Testing Treatment for Breast Cancer
“Efficacy Study of Mepitel Film the Prophylaxis of Radiation-Induced Skin Reactions in Breast Cancer Patients”
In patients undergoing adjuvant radiotherapy for breast cancer, radiation-induced skin toxicities are a common occurrence and adversely impact patients' quality of life (QOL). In the last decade, there have been no significant advances in preventing or treating radiation-induced skin toxicities. Recently, a phase III randomized trial by Herst et al. (n=78) in New Zealand showed that the prophylactic use of Mepitel Film reduced skin reaction severity by 92% compared to skin treated only with aqueous cream. Mepitel film has not been widely adopted in North America. To validate the efficacy of the film and guide the development of a larger multi-centre phase II study, a pilot study testing the efficacy of the film is proposed. In the study, 30 patients will have the film applied on their breast for the duration of radiation treatment and their skin reactions will be assessed throughout the treatment and after the treatment. The investigators hypothesize that the severity and incidence rates of skin reactions for patients using Mepitel film will be lower when compared to real world data from our centre, and that cosmetic outcomes will be improved with the film.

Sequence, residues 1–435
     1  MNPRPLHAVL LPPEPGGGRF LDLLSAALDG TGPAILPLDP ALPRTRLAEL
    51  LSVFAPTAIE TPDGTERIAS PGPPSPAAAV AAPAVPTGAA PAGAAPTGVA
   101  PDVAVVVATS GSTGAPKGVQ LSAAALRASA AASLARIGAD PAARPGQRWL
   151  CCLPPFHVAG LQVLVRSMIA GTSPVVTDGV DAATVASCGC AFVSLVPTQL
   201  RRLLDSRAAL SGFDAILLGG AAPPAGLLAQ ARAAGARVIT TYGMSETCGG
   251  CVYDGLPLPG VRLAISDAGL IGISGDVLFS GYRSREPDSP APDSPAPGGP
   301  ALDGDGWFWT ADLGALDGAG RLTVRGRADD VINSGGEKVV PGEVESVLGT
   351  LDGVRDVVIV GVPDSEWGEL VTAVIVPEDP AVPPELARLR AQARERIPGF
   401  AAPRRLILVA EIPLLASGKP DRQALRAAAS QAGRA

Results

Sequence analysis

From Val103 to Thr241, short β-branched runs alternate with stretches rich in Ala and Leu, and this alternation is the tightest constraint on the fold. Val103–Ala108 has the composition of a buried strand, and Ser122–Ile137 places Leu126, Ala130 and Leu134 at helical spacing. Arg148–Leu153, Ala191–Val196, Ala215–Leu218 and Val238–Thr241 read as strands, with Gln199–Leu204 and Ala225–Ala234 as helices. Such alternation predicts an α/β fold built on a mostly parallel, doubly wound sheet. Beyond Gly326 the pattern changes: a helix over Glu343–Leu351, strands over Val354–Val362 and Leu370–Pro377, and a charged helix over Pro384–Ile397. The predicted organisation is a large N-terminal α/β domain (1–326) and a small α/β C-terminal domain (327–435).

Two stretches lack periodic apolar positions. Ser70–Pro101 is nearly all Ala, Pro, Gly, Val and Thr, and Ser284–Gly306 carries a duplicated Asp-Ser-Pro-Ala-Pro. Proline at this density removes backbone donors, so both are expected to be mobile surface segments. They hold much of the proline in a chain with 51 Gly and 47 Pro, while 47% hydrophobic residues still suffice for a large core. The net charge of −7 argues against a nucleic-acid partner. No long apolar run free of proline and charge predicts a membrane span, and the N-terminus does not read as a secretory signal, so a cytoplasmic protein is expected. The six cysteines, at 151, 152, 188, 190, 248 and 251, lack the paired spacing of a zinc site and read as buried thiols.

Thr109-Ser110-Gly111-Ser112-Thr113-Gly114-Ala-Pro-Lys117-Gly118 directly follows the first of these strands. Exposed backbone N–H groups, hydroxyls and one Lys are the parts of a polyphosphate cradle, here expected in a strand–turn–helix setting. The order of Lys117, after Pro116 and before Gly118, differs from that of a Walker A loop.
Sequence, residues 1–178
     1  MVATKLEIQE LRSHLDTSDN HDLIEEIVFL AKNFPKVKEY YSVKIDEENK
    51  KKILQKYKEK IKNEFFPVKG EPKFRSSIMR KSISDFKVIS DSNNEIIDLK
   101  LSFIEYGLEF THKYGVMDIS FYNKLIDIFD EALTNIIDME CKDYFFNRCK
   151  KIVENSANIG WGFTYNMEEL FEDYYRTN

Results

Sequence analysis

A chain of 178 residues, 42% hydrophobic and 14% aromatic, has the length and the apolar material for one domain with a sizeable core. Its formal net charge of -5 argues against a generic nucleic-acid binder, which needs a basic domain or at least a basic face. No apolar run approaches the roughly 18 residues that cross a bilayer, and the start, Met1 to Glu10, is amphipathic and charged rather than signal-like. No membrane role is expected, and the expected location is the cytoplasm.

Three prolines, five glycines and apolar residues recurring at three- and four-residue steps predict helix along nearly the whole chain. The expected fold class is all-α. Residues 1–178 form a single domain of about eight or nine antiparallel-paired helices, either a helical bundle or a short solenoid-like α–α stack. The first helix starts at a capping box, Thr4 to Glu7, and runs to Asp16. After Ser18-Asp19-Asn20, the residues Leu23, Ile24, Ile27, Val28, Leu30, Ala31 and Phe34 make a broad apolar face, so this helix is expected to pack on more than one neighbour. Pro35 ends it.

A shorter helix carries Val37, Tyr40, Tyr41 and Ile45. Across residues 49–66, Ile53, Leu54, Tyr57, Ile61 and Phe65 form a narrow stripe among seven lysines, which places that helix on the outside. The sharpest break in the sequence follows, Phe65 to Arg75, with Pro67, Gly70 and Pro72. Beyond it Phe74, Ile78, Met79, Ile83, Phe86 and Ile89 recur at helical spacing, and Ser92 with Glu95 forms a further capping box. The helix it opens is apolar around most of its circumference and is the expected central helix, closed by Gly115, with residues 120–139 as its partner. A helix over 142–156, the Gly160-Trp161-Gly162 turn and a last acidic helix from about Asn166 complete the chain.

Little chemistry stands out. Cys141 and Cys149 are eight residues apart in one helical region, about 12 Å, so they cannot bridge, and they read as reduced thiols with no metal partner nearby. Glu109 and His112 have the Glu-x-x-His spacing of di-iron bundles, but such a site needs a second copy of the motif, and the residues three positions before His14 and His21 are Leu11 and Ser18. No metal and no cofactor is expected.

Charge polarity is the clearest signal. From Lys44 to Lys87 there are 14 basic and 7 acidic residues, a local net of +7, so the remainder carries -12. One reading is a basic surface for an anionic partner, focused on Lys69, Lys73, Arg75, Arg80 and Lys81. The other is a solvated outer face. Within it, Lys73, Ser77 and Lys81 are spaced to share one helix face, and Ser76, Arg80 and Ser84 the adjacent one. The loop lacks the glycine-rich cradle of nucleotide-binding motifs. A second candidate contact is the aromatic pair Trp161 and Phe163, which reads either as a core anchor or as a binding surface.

Mepitel film is a barrier film that may help in reducing radiation dermatitis by limiting friction.
An Efficacy Study of Mepitel Film in the Prophylaxis of Radiation-Induced Skin Reactions in Breast Cancer Patients Undergoing Adjuvant Radiotherapy